February 27th, 8 Island Mountain Ramblers gathered at Ravel Lodge to head out for an easy snowshoe to Lake Helen Mackenzie. We were expecting poor conditions; overcast, and possibly some rain. We got lucky! We found sun, even if it the sky was dotted with racing windblown clouds the view was spectacular.
Photograph by James Latham
image by Michael Paskevicius
It hasn’t snowed in quite a while in Paradise Meadows, probably it is more likely that it has rained. The snow was icy with a thick crust. Even as we made our way up to the lake, and at the lake, the snow was dense and supported our weight. Our biggest biggest issue was the icy trails, and disappearing snow. The snow covering the bridge before Helen Mackenzie is eroding, only a narrow fin remains. Mo unloaded Hemingway from the sled and carried him across in her arms. I hauled the empty sled across without incident. It’s better to be safe than sorry!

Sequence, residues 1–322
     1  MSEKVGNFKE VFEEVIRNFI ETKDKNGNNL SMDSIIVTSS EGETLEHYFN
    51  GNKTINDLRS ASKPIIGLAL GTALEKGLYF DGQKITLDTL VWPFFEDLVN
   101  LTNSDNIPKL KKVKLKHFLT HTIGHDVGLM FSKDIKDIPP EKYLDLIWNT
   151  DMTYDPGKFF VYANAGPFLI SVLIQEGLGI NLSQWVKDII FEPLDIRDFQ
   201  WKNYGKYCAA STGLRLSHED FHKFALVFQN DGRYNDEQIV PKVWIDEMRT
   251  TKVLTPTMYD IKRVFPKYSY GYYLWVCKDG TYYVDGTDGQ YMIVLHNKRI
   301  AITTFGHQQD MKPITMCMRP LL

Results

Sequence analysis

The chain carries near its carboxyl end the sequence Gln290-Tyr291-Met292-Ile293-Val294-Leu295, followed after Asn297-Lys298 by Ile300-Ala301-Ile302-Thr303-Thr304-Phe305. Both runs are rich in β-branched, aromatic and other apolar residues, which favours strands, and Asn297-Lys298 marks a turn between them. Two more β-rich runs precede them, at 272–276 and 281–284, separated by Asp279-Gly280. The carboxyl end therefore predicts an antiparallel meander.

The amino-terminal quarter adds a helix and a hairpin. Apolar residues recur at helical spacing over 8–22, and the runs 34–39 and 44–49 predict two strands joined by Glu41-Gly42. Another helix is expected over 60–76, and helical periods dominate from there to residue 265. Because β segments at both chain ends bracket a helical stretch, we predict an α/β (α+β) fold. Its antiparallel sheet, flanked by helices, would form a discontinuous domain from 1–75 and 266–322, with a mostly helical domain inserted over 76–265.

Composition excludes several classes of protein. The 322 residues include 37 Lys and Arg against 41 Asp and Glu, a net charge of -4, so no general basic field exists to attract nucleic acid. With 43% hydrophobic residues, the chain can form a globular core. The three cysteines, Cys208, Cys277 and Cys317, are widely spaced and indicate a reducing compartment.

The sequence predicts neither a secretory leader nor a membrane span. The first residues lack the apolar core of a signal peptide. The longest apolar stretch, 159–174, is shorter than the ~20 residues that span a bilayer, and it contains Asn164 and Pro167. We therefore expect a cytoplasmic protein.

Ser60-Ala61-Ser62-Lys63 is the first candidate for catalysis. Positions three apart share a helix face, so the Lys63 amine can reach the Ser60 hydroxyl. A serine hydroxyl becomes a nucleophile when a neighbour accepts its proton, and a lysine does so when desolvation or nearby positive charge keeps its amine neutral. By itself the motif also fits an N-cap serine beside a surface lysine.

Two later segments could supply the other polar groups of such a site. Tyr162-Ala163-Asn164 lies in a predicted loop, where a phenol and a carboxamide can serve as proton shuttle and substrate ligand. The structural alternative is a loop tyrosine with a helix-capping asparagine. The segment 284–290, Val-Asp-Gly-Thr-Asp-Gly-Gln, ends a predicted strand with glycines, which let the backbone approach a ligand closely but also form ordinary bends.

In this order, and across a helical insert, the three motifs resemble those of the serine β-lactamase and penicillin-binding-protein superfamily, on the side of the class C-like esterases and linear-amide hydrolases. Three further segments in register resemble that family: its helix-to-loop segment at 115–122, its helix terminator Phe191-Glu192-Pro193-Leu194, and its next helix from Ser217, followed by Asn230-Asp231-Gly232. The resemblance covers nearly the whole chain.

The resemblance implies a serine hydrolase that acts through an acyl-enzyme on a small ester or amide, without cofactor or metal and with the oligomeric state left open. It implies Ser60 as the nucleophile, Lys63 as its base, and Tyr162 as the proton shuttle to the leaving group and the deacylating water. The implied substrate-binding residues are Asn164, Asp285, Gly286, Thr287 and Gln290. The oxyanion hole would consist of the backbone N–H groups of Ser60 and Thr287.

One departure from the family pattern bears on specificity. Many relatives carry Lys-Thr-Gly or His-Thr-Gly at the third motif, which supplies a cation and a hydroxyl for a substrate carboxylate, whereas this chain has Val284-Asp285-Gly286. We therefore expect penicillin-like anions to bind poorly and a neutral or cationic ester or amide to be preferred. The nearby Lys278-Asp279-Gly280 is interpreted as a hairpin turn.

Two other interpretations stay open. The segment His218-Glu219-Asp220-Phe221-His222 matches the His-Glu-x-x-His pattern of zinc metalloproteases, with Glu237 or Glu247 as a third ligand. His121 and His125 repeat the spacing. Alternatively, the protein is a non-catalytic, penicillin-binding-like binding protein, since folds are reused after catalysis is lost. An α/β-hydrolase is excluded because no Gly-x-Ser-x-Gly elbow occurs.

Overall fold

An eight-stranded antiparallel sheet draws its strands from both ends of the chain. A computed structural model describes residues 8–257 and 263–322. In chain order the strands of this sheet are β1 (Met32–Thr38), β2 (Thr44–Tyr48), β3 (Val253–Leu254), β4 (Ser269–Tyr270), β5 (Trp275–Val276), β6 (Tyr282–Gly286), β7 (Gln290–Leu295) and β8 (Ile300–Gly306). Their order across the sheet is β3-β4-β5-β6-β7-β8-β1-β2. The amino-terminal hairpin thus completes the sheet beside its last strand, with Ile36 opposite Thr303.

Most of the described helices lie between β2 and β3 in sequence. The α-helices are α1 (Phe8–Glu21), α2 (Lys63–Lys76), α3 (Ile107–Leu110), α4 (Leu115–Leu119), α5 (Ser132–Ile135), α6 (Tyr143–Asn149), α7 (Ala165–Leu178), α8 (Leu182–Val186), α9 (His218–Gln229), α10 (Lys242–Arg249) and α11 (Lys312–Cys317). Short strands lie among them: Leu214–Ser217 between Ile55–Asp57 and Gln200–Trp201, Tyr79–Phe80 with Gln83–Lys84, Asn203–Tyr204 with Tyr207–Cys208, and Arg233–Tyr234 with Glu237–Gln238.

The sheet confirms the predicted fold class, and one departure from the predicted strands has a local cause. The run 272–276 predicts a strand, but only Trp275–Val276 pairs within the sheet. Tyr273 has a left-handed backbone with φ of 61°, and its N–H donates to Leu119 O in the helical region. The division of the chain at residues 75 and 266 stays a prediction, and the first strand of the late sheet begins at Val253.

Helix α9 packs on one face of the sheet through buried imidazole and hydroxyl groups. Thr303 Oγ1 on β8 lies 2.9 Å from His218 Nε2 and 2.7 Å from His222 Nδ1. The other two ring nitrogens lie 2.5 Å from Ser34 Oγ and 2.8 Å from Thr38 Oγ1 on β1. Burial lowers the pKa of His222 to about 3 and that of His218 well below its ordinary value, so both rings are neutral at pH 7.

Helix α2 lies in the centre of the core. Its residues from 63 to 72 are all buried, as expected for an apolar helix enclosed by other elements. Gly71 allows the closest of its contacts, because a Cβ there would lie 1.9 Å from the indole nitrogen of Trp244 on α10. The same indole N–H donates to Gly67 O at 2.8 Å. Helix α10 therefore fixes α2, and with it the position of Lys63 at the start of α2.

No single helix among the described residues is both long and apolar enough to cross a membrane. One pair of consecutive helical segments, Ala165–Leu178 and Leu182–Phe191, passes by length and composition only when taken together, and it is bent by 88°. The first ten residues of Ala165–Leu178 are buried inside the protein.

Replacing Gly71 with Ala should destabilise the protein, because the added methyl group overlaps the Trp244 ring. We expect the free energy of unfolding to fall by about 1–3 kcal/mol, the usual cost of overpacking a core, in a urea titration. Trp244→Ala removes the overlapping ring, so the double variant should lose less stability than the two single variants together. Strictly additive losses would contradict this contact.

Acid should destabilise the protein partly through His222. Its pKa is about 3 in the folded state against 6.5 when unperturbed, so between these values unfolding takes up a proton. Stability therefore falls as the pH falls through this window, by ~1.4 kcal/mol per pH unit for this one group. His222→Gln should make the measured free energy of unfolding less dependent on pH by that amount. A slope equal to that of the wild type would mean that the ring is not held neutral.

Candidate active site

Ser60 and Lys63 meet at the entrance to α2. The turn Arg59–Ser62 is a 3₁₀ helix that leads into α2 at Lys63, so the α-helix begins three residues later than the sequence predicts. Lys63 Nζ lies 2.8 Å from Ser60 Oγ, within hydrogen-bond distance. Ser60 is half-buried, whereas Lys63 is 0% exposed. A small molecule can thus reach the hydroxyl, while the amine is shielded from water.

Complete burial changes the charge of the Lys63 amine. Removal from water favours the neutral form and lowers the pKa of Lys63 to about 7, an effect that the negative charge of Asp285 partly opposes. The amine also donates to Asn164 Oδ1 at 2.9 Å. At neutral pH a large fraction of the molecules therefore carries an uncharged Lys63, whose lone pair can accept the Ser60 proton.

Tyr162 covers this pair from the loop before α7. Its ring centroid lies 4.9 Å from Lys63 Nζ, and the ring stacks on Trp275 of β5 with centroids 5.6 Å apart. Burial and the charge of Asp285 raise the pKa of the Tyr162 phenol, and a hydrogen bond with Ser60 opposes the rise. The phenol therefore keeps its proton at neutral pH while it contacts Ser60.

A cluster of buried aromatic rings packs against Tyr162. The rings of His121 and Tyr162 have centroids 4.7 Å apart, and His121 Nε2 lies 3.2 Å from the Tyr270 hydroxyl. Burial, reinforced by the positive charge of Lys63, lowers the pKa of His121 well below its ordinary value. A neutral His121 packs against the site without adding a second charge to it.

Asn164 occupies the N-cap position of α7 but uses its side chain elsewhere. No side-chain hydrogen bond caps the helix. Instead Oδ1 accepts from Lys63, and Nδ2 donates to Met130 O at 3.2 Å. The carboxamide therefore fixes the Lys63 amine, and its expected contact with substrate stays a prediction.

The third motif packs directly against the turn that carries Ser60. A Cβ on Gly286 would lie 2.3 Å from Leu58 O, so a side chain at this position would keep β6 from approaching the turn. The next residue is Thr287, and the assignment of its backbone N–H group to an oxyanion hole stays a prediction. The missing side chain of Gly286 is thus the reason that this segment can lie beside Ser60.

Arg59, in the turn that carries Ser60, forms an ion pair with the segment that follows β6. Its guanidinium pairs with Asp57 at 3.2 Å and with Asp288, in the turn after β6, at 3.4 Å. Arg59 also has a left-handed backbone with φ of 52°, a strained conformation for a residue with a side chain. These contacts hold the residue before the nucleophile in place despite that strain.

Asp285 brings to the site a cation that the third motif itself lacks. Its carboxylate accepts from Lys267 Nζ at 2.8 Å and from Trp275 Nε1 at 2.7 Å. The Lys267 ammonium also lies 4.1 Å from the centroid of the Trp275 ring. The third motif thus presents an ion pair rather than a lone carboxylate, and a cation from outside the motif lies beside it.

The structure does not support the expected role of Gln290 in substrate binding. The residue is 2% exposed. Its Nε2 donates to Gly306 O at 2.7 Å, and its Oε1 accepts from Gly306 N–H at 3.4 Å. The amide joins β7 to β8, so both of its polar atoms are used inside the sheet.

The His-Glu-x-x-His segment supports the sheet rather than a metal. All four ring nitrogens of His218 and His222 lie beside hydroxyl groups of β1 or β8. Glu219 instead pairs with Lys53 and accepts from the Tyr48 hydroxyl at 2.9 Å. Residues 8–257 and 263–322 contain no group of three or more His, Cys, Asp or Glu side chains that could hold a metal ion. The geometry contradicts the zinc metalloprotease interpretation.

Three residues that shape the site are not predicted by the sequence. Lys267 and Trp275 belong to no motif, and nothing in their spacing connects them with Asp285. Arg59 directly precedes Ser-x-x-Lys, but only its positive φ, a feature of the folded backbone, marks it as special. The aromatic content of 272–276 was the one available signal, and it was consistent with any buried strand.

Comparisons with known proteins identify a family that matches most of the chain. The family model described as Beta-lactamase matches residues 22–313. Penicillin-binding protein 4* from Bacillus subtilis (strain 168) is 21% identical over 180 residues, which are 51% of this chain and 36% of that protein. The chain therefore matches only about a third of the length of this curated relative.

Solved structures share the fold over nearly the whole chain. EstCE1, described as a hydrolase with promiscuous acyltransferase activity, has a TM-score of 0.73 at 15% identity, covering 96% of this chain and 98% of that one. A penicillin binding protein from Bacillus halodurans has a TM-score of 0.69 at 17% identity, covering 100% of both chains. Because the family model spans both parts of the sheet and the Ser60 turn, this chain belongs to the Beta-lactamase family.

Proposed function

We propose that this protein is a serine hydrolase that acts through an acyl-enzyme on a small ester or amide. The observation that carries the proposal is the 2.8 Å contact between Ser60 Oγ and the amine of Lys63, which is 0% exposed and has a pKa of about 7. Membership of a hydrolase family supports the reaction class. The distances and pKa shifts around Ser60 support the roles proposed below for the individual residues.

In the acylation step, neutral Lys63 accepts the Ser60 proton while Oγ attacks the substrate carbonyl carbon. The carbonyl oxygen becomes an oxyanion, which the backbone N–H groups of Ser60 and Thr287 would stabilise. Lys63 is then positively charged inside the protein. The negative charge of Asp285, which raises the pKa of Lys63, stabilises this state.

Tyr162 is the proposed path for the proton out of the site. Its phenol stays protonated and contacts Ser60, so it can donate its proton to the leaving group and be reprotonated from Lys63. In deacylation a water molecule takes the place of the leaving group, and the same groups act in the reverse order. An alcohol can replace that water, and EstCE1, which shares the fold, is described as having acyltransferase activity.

They icy trails offered a minor challenge. The pulk sled rode high on its vinyl runners. On traverses the sled slid sideways. At one point right off the trail, rolling, and ejecting Hemingway onto the snow! He cried but he settled quickly after the jolt! The crusty snow transferred nothing onto him, so he was happy again shortly after loading him back into the sled. I think Hemingway’s main complaint is when the snow gets on his face and down his neck.
image by Michael Paskevicius
We made the lake in just over an hour, I was surprised at our speed. The hard packed conditions of the trail encouraged as speedy arrival. Because, we arrived so quickly we took our time to enjoy the wonderful sun, and eat our lunch. After feeding the birds and petting some dogs, we left walking across the lake on our way to Battleship Lake.